Britain’s Test and Trace system is still not reaching at least four in ten contacts of those testing positive for Covid-19, it was revealed today.
Some 60.5 per cent of close contacts of people who tested positive in England were told to isolate in the week ending November 11, according to the Department of Health and Social Care.
It is the fifth week in a row that the figure has been just above 60 per cent – and the low figure appears to be caused by the Government’s under-fire call centres, ruin by private companies.
Boris Johnson promised in May that Britain would have a ‘world beating’ trace and trace system.
But figures released today show that in cases managed either online via email or by telephone by private companies, Serco and Sitel, just 58.9 per cent of close contacts were reached. A BBC investigation today claimed it could actually be as low as 50 per cent.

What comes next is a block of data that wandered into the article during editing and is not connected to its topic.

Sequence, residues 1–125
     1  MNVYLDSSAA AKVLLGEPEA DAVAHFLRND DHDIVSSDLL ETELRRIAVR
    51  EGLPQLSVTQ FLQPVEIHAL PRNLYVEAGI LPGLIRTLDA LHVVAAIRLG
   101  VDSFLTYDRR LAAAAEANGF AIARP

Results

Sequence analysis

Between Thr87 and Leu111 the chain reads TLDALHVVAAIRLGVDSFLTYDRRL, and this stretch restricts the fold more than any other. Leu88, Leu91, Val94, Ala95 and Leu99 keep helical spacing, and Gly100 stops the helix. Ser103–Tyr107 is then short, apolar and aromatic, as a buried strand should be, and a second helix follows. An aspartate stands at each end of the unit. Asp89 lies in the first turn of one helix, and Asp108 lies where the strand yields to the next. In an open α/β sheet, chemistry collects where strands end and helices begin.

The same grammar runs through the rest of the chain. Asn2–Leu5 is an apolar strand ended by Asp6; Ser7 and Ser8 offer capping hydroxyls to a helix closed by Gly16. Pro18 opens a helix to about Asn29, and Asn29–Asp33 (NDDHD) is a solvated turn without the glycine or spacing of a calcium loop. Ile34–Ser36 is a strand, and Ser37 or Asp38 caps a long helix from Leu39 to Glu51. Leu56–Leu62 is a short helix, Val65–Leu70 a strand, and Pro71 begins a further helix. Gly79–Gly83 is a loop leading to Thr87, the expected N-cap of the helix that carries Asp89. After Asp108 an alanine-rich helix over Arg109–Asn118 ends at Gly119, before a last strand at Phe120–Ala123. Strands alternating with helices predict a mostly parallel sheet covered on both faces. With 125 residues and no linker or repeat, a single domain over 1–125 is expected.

For cases managed by local health protection teams, 98.9 per cent of contacts were reached and asked to self-isolate in the week to November 11.
It came in a week where Mr Johnson and his testing tsar Dido Harding are both self-isolating after being ‘pinged’ by the official NHS App because they were in close contact with people who tested positive.
About four in ten contacts of those testing positive for Covid-19 are still not being reached through the Test and Trace system (file photo)
Baroness Harding , pictured going into Downing Street last Friday morning, is self isolating with the timing sparking speculation over whether there is a link to Boris Johnson’s quarantine (pictured on Zoom at virtual PMQs)
Deaths AND cases drop again with 501 victims and 22,915
Coronavirus death and infection figures have dropped once again, amid a clash between scientists over the best way to deal with Covid restrictions this Christmas.
In another boost to those supporting an easing of measures this festive season, it was revealed that there were 22,915 coronavirus cases recorded in the last 24 hours, a fall of 31.5 per cent when compared to this time last week.